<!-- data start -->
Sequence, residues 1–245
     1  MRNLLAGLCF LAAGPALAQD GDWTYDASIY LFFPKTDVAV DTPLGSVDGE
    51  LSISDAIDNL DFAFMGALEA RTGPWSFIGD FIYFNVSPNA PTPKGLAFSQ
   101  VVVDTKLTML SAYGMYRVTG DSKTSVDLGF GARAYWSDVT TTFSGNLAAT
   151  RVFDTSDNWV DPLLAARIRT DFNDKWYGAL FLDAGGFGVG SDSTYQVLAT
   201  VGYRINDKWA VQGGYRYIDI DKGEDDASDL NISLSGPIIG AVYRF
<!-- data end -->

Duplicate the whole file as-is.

Sequence, residues 1–245
     1  MRNLLAGLCF LAAGPALAQD GDWTYDASIY LFFPKTDVAV DTPLGSVDGE
    51  LSISDAIDNL DFAFMGALEA RTGPWSFIGD FIYFNVSPNA PTPKGLAFSQ
   101  VVVDTKLTML SAYGMYRVTG DSKTSVDLGF GARAYWSDVT TTFSGNLAAT
   151  RVFDTSDNWV DPLLAARIRT DFNDKWYGAL FLDAGGFGVG SDSTYQVLAT
   201  VGYRINDKWA VQGGYRYIDI DKGEDDASDL NISLSGPIIG AVYRF